Our main goal for the trip to the village of Vevčani was actually to visit the springs and waterfalls at the foot of the Jablanica Mountains. However, it quickly became apparent that the village itself also had some interesting details; in addition to the ancient houses in the village centre, which have really interesting chimney constructions and, from a structural point of view, also combine a wide variety of construction features.
Who would expect a connection between the turn of the year and carnival according to the Julian calendar in this mountain village in Macedonia? Are you?
Minerals, coins and even some magnificent bonsai
We came across a small shop where, in addition to some antiques, we also came across various minerals, coins and even some wonderful bonsai, which immediately aroused our interest. The owner had once brought the seedlings high from the surrounding mountains and painstakingly raised them over a period of about 20 years, if one can even speak of size when it comes to bonsai.
He had invested so much effort into the design that one could speak of real trees in miniature. So of course, we quickly found ourselves engrossed in a conversation that went far beyond the topic of bonsai.
Now the shop owner booted up his PC and quickly opened a series of photos that pointed to one of the attractions of the village of Vevčani: carnival parade in the village with full costumes due to a traditional New Year's parade, which is celebrated here according to the tradition according to the Julian calendar.
Julian calendar was recognized throughout the Roman Empire
The Julian calendar was introduced by Julius Caesar and was still valid in some parts of the world well into the 20th century, and in the church sector to this day. Appian, Cassius Dio and Macrobius report in their writings that Julius Caesar in 47 BC. B.C. got to know the switching cycle of the later Julian calendar in Hellenized Egypt in Alexandria. The additional information from Macrobius therefore raises the possibility that Julius Caesar travelled to Egypt to discuss the new calendar form of the Julian calendar with experts in the Egyptian calendar, probably including the Egyptian astronomer Sosigenes, after Julius Caesar had introduced the Egyptian calendar had gotten to know Acoreus better.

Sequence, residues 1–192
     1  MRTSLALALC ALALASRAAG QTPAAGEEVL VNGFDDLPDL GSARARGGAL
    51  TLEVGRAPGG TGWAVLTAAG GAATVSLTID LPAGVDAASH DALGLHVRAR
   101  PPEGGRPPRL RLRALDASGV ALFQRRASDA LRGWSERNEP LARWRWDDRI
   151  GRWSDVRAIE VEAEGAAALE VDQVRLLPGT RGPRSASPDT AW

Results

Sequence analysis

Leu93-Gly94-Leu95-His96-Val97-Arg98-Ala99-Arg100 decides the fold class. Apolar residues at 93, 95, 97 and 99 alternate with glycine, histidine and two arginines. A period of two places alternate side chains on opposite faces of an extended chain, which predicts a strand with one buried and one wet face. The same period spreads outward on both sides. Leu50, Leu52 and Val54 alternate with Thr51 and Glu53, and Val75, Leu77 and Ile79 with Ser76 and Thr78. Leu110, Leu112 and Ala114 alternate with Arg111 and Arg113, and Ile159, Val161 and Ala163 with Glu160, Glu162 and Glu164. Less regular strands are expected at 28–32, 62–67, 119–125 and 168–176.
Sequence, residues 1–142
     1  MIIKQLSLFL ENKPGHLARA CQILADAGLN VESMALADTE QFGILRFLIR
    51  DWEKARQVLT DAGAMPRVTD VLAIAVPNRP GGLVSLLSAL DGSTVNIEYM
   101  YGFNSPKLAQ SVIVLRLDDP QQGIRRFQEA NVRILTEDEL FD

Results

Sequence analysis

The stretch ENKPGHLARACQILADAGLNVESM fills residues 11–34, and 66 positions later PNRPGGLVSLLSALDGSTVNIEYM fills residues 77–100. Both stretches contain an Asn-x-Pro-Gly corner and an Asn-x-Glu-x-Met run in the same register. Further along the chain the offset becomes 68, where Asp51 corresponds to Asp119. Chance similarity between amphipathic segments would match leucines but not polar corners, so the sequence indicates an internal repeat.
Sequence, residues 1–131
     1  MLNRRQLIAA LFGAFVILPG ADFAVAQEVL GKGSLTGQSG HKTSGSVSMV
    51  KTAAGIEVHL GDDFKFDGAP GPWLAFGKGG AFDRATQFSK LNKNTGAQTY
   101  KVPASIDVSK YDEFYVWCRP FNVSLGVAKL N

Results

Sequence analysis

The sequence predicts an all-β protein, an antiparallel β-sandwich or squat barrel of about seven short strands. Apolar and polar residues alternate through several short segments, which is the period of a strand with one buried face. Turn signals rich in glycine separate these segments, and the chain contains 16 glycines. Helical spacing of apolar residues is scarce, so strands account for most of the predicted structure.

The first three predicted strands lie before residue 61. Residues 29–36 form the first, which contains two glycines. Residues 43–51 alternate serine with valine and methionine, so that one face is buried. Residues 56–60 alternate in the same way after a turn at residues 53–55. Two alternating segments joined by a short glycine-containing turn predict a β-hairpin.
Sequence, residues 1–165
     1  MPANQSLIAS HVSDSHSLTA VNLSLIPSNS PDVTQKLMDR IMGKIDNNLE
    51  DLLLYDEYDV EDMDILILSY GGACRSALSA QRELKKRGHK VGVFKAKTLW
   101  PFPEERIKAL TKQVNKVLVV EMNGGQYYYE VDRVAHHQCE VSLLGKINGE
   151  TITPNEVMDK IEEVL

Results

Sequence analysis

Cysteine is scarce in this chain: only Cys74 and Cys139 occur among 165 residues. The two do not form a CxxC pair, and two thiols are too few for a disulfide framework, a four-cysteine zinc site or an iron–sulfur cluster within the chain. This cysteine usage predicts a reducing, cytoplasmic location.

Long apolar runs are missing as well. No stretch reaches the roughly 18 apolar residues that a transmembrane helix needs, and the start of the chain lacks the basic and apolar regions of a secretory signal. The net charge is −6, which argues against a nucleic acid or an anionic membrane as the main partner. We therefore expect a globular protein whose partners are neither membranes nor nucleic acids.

The Julian calendar itself was recognized throughout the Roman Empire, but the beginning of the year varied from region to region. According to the Roman calendar, the beginning of the year was until 153 BC. on March 1st, in Egypt on August 29th, in Constantinople and later also in Russia on September 1st, in the western Mediterranean and widespread in England, Germany and Switzerland on December 25th, later in Great Britain on December 25th. March and in other countries on other days. It was only from the early modern period that January 1st became more or less generally accepted in the West, and in the East only from the early 18th century.
The Julian year is 11 minutes and 14 seconds too long compared to the solar year. This led to an increasing deviation from the path of the sun, which by the 14th century was already more than seven days. Another reason for the Gregorian reform was the spring full moon, which was incorrectly determined using the old Easter formula, on which the date of Easter depends.
Some Orthodox churches (e.g. the Russian, Serbian, Georgian, Macedonian and Ukrainian churches) continue to celebrate all their festivals according to the Julian calendar. Their Christmas (December 25th) currently falls on January 7th (Gregorian). The New Year celebrations will be postponed to January 13th or 14th.
The carnival in Vevčani is not as “sexy” as in Rio
But on this day the whole country is looking at Vevčani. Macedonians and guests from all over the world crowd the narrow streets of the village because it is carnival. The carnival in Vevčani is not as “sexy” as in Rio and not as “stately cool” as in Venice. The pagan rituals and masks of Vevčani's residents are as archaic and wild as the land and climate.
“Disguise yourself well so that evil does not recognize you. Then burn the mask and with it the evil burns away and the good remains” - this is the motto to which one surrenders oneself to a wild spirit, an ecstatic body and lots of wine, thus following ancient traditions that have supposedly been going on for more than 1,400 years.
The main protagonists of this activity are the 'stupid Augustin', who comes from Roman antiquity, as well as the bride and groom. These two figures symbolize the new year and the renewed procreation of nature and the cosmos. However, in the rather homophobic Macedonia, no one is bothered by the fact that both the groom and the bride are men. Or they just accept it because in the end the masks are burned and “man” is thus cleansed of all the evil that had afflicted the mind and body in those pagan days.
In 1993, Vevčani even became a member of the World Carnival Cities Federation.
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